February 12th, 1906 — August 5th, 1964
Serial historian Alan G. Barbour once dubbed Charles Quigley an “ideal type for a serial hero,” and most cliffhanger fans, myself included, have agreed with this judgment. His heroic characterizations combined energy and enthusiasm with a definite air of shrewdness; his characters came off as both intrepid and intelligent. He could also handle humorous dialogue with real flair, bringing an amusingly wry delivery to standard heroic one-liners. Oddly enough, Quigley’s skills were infrequently utilized by cliffhanger producers. He starred in only three serials, but brought a high level of talent to each.
Charles Quigley was born in New Britain, Connecticut. He developed an interest in acting at a young age, and attended the American Academy of Dramatic Arts in New York City after graduating from high school; by 1927, he was appearing on Broadway, usually in juvenile roles. For a time he was a regular member of producer/actor/manager/director Walter Hampden’s Broadway acting company–playing Christian de Neuvillette to Hampden’s Cyrano in Hampden’s 1928 production of Cyrano de Bergerac, and taking other prominent secondary roles. He made a few ventures into movie work in the early 1930s, but didn’t definitively abandon Broadway for Hollywood until 1936. After appearing in a few films for Fox and Paramount in that year, Quigley signed a contract with Columbia Pictures; his first assignment there was the hero’s role in the 1936 crime drama Lady From Nowhere, a B-film vehicle for Mary Astor. Lady inaugurated a lengthy string of Columbia B-pictures for Quigley; he starred in multiple low-budget comedies, dramas, and mysteries at that studio over the next four years–frequently working with another young Columbia contract player, Rita Cansino (later and better known as Rita Hayworth). However, he failed to rise above B-actor status–perhaps in part due to his lukewarm attitude towards movie-making in general; as his son recollects (see the Acknowledgements), Quigley considered himself primarily a stage actor, and regularly journeyed back to the East Coast to work with New England summer-stock companies during most of his years in Hollywood.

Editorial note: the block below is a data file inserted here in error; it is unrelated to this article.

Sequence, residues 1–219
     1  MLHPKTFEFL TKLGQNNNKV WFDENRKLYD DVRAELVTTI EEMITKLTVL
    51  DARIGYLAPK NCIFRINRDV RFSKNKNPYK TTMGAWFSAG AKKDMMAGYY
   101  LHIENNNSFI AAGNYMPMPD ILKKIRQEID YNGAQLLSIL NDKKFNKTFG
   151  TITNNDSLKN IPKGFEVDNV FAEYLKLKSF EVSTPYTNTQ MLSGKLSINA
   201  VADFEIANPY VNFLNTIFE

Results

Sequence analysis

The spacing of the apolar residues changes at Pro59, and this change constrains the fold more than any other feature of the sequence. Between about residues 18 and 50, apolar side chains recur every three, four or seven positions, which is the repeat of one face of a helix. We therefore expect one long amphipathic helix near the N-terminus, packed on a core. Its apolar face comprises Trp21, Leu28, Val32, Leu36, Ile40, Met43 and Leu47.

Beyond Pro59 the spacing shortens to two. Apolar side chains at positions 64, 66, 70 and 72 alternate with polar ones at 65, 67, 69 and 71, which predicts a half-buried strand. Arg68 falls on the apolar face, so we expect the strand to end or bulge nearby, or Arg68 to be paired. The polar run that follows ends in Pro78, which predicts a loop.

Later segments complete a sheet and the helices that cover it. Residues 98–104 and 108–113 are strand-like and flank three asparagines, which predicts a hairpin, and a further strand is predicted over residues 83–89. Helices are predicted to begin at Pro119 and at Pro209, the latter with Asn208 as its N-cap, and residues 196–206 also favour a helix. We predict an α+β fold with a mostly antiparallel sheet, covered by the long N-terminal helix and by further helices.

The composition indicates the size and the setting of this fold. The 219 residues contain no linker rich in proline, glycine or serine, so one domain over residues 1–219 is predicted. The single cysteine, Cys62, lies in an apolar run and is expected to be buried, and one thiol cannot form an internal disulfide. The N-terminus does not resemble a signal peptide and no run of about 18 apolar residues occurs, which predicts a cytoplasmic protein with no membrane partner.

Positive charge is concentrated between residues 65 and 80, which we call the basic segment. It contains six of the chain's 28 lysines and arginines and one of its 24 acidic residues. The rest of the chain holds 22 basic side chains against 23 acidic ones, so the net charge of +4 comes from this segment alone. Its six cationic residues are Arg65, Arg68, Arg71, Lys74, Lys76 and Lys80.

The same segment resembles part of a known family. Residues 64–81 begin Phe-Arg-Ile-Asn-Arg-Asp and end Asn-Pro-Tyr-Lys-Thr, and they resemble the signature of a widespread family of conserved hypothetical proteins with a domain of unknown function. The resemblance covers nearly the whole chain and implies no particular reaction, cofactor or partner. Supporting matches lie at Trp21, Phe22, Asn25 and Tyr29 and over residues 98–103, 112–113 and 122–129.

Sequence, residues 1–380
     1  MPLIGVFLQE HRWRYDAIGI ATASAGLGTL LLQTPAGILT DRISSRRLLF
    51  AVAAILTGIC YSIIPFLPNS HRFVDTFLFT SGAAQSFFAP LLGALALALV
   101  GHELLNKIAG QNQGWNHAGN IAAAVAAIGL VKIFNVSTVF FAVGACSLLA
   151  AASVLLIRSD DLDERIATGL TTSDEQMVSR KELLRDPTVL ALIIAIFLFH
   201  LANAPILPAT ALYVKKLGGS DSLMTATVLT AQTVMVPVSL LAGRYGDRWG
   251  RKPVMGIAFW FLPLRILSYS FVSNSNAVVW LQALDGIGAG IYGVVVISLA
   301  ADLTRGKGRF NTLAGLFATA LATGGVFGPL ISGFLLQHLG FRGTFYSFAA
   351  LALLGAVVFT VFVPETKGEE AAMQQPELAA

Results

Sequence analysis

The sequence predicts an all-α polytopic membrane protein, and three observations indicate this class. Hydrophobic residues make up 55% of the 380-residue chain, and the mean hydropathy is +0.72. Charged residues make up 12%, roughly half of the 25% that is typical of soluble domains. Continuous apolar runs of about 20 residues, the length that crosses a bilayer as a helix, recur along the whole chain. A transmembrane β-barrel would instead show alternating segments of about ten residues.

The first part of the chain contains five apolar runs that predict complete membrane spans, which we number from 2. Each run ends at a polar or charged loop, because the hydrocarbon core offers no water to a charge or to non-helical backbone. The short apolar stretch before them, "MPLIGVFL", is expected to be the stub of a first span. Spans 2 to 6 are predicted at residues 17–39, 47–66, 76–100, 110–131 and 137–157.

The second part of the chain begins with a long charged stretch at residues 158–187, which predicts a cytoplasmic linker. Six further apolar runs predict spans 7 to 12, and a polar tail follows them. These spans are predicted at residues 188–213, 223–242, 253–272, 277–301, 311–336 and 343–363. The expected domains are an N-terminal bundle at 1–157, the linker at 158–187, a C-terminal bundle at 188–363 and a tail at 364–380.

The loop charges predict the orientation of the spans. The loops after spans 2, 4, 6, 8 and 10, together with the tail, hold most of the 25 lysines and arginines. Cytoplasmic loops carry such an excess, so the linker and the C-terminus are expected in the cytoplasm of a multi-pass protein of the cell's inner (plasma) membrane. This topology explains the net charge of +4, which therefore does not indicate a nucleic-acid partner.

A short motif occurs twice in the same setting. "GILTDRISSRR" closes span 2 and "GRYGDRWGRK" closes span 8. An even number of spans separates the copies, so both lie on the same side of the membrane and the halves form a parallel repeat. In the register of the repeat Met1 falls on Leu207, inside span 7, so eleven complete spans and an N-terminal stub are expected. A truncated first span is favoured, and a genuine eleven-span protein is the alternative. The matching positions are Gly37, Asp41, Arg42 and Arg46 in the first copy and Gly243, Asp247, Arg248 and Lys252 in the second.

Quigley left Columbia in 1939 and began to freelance as a supporting player and occasional star in B-films–and movie serials–for various studios; the first of the aforesaid serials was Daredevils of the Red Circle, one of Republic Pictures’ finest chapterplays. Daredevils starred Quigley as Gene Townley, leader of the titular trio of carnival acrobats (the other two being played by Herman Brix and David Sharpe). The three acrobatic “Daredevils” became entangled in the schemes of “39-0-13,” a villain who was conducting a campaign to destroy the business empire of Horace Granville, the man who sent him to prison. While the Daredevils were performing at a Granville-owned amusement pier, a fire set by 39-0-13’s men claimed the life of Townley’s kid brother Sammy. The trio then turned their athletic skills to crime-fighting purposes, aiding Granville (Miles Mander) and his granddaughter Blanche (Carole Landis) in a campaign against the destructive schemes of 39-0-13 (Charles Middleton), and receiving aid of their own along the way from a mysterious figure called the “Red Circle.” Daredevils was a standout among Republic’s serials not only for its inventive action scenes, but for its distinctive and likable heroes–Brix, Sharpe, and, of course, Quigley, who handled each aspect of his role with skill, whether he was bantering cheerfully with his fellow Daredevils, displaying moving grief at his brother’s death, or leaping into fights and chases with abandon.
Above, from left to right: Charles Quigley, David Sharpe, and Herman Brix examine a mysterious clue at the breakfast table while puzzled butler Fred “Snowflake” Toones looks on in Daredevils of the Red Circle.
Quigley played bit roles in various films for the next two year, temporarily returning to Columbia Pictures to star in their 1941 serial, The Iron Claw. He played a newspaper reporter named Bob Lane and battled a mysterious criminal known as the Iron Claw, who was vying with numerous members of the greedy Benson family in a search for hidden gold. This cliffhanger, with former comedy director James W. Horne behind the camera, emerged as an out-and-out serial spoof, with a group of clumsy gangsters, the hysterically paranoid Benson patriarch (Forest Taylor), and the visually menacing but incompetent Iron Claw himself contributing more laughs than chills. While not a typical serial, The Iron Claw was a highly entertaining one, and Quigley’s flair for humor fit the serial’s slapstick tone nicely. He played his character as something of a parody of his usual screen characterizations, making him breezy, frantically energetic, and self-assured to the point of recklessness; he also engaged in many amusing comedic interchanges with his sidekick Walter Sande.